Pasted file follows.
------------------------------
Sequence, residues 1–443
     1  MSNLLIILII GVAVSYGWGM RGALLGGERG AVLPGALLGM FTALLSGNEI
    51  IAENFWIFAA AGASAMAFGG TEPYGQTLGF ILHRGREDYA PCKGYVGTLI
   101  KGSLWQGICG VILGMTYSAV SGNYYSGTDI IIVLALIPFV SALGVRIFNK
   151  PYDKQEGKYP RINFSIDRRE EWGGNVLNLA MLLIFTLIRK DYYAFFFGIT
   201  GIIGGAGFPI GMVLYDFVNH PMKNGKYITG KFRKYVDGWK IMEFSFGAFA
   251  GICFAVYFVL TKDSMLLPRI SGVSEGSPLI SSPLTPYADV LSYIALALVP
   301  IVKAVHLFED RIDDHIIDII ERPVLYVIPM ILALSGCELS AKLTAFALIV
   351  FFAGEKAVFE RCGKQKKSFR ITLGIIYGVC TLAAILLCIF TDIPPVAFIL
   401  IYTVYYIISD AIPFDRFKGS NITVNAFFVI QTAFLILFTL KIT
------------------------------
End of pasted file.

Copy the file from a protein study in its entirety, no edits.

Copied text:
Sequence, residues 1–443
     1  MSNLLIILII GVAVSYGWGM RGALLGGERG AVLPGALLGM FTALLSGNEI
    51  IAENFWIFAA AGASAMAFGG TEPYGQTLGF ILHRGREDYA PCKGYVGTLI
   101  KGSLWQGICG VILGMTYSAV SGNYYSGTDI IIVLALIPFV SALGVRIFNK
   151  PYDKQEGKYP RINFSIDRRE EWGGNVLNLA MLLIFTLIRK DYYAFFFGIT
   201  GIIGGAGFPI GMVLYDFVNH PMKNGKYITG KFRKYVDGWK IMEFSFGAFA
   251  GICFAVYFVL TKDSMLLPRI SGVSEGSPLI SSPLTPYADV LSYIALALVP
   301  IVKAVHLFED RIDDHIIDII ERPVLYVIPM ILALSGCELS AKLTAFALIV
   351  FFAGEKAVFE RCGKQKKSFR ITLGIIYGVC TLAAILLCIF TDIPPVAFIL
   401  IYTVYYIISD AIPFDRFKGS NITVNAFFVI QTAFLILFTL KIT